Nitrogen Management and Water Productivity of Limited Irrigation Corn

This project seeks to improve crop water productivity of irrigated maize by better understanding the interaction of nitrogen fertility management and limited irrigation.


01 Dec 2013

Project Description

Objective: This project seeks to improve crop water productivity of irrigated maize by better understanding the interaction of nitrogen fertility management and limited irrigation.

Background: Water scarcity is one of the most pressing contemporary challenges for agricultural and food sustainability. In many arid and semi-arid regions of the world, irrigation has been developed to allow stable, high yield agriculture and avoid the effects of drought. But water scarcity in many of these regions is now a pressing issue due to declining groundwater levels, increasing competition for water by municipal and industrial users, increasing frequency and severity of drought, and declining water quality due to pollution and salinity (Gleeson et al., 2012; Vorosmarty et al., 2000). For example, increasing demand for water by a growing urban population in Colorado is expected to drive a loss of 175,000 ha of irrigated farmland by 2030 (Colorado Water Conservation Board, 2004). Severe yield losses have also occurred throughout much of the U.S. Great Plains during recent droughts due to low capacity irrigation wells failing to meet crop water demand. Similar concerns are observed in arid and semi-arid regions worldwide, including key food production regions in China, India, and Africa (Alghariani, 2007; Basch et al., 2012; Kahlon et al., 2012).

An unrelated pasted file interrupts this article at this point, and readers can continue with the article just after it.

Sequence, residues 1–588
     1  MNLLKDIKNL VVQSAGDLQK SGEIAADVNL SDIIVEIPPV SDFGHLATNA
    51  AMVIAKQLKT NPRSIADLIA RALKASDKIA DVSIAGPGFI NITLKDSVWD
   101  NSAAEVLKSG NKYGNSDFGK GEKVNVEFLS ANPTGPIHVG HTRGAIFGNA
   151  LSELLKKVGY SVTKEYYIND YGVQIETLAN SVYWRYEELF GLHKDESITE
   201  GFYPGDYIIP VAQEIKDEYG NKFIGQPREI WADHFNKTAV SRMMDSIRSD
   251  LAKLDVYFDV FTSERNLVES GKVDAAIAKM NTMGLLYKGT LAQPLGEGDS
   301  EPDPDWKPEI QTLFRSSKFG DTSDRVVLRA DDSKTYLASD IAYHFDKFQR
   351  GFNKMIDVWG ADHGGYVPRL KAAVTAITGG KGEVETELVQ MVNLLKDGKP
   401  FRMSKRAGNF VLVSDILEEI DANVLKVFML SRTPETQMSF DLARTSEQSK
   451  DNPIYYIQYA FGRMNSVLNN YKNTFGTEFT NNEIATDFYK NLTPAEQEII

Innovative cropping systems that increase resilience to drought and improve crop water productivity are needed. Some crops have been developed with enhanced drought tolerance, most notably drought tolerant corn hybrids. For example, DuPont Pioneer developed drought tolerant corn hybrids (trait branded as Optimum AQUAmax) using a complex of native genes from a wide background of maize genetics. These hybrids have shown yield advantages under drought stress (Joel Schneekloth, Colorado State University, personal communication). However, increasing water-limited crop yield must go beyond drought tolerance toward increasing crop water productivity in water scarce environments. Water productivity is the amount of crop yield per amount of water used, often referred to as the amount of “crop per drop.” Improving crop water productivity depends not only on new genetics, but also on a comprehensive set of environmental and management factors. For example, DuPont Pioneer’s new Optimum AQUAMax maize hybrids reach their water-saving potential only when grown under recommended management practices (Jeff Schussler, DuPont Pioneer, personal communication). This proposal is part of a broader effort to evaluate water-stressed drought tolerant corn hybrids in a system of innovative crop, soil, and irrigation practices designed to improve crop water productivity. Specifically, this proposal will evaluate the interaction of limited irrigation and plant nitrogen fertility status on crop water productivity for corn.

Limited irrigation is a management approach that targets application of a limited supply of irrigation water to key crop growth stages. While the potential benefits of limited irrigation have been documented (DeJonge et al., 2011; Saseenndran et al., 2008), less is known about how limited irrigation practices interact with the nitrogen fertility status of crop plants. Rates and timing of nitrogen fertilizer application need to be optimized for improved crop water productivity, but a better understanding of the interaction of limited irrigation and plant nitrogen status on crop water productivity is needed. In this study, a combination of field, greenhouse, and crop modelling efforts will be used to evaluate this interaction in maize.